Released less than two months after Jérôme Kerviel nearly bankrupted the world, Heartbeat Detector resonates with its damning portrayal of the venalities and secrecies of French companies, which are much like our own. Yet where Michael Clayton assumed the viewers’ utter naïveté regarding corporate malfeasance, Heartbeat Detector’s corrosive look at business culture rests on too overdetermined—and at times outlandish—a premise.
Adapted by director Nicolas Klotz’s frequent collaborator Elisabeth Perceval, from François Emmanuel’s novel La Question Humaine (the movie’s original title), the film finds both its heartbeat and its detector in Mathieu Amalric (superb, as always) as Simon, the chief psychologist in the HR department of a large Franco-German petrochemical company. Asked by the firm’s managing director to investigate the erratic behavior of the CEO (Lonsdale), Simon too begins to unravel as he discovers both the company’s ties to the Nazis and the similarities between his own profession’s handbooks and orders issued by SS officers.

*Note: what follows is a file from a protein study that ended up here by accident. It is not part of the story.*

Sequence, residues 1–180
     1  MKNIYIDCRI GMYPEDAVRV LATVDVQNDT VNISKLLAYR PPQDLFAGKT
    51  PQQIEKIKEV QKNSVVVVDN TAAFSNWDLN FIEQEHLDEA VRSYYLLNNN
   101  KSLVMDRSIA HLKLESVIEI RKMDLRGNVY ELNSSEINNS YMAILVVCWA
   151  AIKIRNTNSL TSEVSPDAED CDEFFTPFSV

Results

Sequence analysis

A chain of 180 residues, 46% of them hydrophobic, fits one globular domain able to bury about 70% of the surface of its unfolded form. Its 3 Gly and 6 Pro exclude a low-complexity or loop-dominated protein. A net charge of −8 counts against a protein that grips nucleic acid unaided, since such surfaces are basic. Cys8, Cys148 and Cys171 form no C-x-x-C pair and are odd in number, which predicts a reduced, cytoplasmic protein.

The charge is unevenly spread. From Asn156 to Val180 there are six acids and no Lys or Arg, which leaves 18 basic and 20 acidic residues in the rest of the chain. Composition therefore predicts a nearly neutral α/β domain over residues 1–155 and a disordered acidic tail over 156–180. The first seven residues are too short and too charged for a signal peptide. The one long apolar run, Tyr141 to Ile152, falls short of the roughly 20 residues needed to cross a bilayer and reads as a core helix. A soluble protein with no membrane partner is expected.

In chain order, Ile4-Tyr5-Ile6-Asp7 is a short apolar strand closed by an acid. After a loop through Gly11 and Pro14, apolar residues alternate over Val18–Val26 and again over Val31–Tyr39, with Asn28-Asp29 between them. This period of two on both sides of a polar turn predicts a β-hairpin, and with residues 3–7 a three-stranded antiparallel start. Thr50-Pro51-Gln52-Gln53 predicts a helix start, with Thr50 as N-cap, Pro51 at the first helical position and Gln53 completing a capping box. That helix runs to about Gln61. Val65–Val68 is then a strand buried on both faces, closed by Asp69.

Anyone who’s ever read her own company’s HR manual or attended a mandatory training seminar will appreciate the indictment of “words emptied of all meaning” and “dead, neutral, technical language.” Business-speak is brutal for its inanity; equating this discourse with that of the Shoah, however, is another matter entirely.
Cast and crew